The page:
Many marketing jobs require that candidates have experience of the ‘full marketing mix’. But how relevant is the marketing mix model for today’s b2b marketer? The traditional 4Ps marketing mix (consisting of product, price, place, promotion) has been used by marketers since the 1960s, but the Harvard Business Review recently carried out a five-year study of more than 500 managers and customers in multiple countries across a wide range of B2B industries, and found that the 4 Ps model undercuts B2B marketers and needs to be redefined to be useful again.
The concept was last updated in the 1980s in response to the growth of services marketing, and three further Ps (people, physical evidence and processes) were added. Arguably, it’s about time the marketing mix was redefined for modern B2B marketers.
How many marketers do you know who are in control of all seven aspects of the marketing mix?
In all but the smallest start-ups, many of the seven Ps would be outside the remit and responsibility of the marketing manager, no matter how senior he or she is.
Product warranties and design, for example, are typically owned by the product manager, who is usually a technically oriented person with no marketing experience. The product manager consults the product marketing manager when it comes to branding, icons and other visual experience related elements of the product, but the actual functionality, technology and associated user guarantees are determined and managed by the product manager, supported and executed by developers.
Similarly, in smaller firms pricing and distribution channels (Place) are firmly within the remit of sales and commercial directors, if not the CEO himself. Service levels (People) fall within the responsibility of the customer services team or account managers, who look to marketing to provide tools and templates to help shape the conversation, but I have yet to hear of a marketing director who is actually in charge of drawing up service level agreements and managing the delivery of client service.
If the 7Ps do not reflect the actual work of marketers at the more complex end of the b2b spectrum, does the concept at least cover all important elements of the marketing mix? I don’t think so, as three key aspects are not explicitly covered:
1) Positioning – competitive, in market
2) Proposition – value to customer
3) Presentation – the visual and brand experience
Product positioning and the product’s value proposition are important and distinct element of the marketing mix. While the value proposition articulates the added value that the product or service delivers to customers (e.g. freshly baked bread delivered to your door every morning by 7am), the product’s positioning is often formulated in relation to competitors and taking into account organizational strengths (Jones & Sons – Springfield’s family bakery. Every loaf handmade and delivered to your door, since 1832).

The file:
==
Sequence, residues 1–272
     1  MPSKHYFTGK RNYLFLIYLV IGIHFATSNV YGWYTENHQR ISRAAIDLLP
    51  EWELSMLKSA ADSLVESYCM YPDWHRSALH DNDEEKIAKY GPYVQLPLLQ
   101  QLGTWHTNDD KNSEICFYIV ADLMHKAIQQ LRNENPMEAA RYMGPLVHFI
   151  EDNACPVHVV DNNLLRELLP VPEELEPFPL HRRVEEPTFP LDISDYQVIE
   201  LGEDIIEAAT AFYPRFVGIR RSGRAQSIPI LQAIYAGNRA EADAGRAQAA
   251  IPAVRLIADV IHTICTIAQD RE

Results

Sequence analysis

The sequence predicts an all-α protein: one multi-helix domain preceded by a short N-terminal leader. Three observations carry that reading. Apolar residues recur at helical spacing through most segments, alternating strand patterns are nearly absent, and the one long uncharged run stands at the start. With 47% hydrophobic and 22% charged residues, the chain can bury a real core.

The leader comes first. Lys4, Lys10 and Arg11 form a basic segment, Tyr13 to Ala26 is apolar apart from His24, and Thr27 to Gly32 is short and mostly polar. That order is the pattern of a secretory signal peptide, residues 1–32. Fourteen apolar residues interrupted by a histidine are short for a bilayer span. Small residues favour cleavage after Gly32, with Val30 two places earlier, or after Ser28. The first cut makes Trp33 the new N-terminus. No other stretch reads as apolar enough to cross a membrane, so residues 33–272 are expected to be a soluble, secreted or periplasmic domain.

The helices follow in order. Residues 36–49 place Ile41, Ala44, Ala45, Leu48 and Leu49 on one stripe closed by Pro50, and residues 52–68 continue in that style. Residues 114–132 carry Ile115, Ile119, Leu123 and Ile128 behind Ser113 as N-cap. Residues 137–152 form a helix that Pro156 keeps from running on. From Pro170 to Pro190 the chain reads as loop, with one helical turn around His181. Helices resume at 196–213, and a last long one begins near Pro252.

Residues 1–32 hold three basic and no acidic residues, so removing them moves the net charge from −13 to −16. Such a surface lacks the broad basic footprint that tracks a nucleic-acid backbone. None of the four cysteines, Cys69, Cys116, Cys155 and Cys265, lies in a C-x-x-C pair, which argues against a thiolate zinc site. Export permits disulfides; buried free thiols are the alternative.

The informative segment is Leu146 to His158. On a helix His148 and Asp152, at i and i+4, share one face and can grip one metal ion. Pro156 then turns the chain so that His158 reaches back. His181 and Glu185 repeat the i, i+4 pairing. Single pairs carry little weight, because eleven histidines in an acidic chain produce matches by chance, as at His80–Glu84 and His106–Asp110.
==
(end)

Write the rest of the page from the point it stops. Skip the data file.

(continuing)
The value proposition needs to be clear. Getting this right is particularly important when products have multiple target audiences and uses. For example, the same product could be positioned differently for small and large firms in a b2b context. Good product positioning creates differentiation and customer mindshare through carefully crafted messages which resonate with target audiences.
The final P relates to presentation. This does not just relate to formatting of PowerPoints, but the overall visual brand experience and identity across different elements of the marketing mix and customer touchpoints. A brand that is consistent across different presentation channels (think web, social media, brochureware, events etc.) enables prospects and customers to recognise products and services easily – and the consistency of presentation will convey the values of dependability and professionalism.
These three points are especially important when dealing with sophisticated consumers, such as b2b buyers, who will experience brands and products in a variety of settings before making a decision. Neither physical evidence nor promotion cover these concepts, as a proposition is not physical, while promotion usually only covers marketing communication channels and not the actual messaging that should be at the heart of all marketing campaigns.
The traditional 7Ps model of the marketing mix does modern marketers a disservice: B2B marketers add most value through producing unique positioning, proposition and presentation, as these are important aspects of what marketing guru Kotler called the ‘augmented product’. In a competitive global market such as the b2b technology industry, marketers can create a difficult-to-copy differentiated and enhanced value proposition through the use of an extended marketing mix that includes the additional 3Ps.
It would be interesting to hear your thoughts: To what extent do you use the marketing mix as a business tool?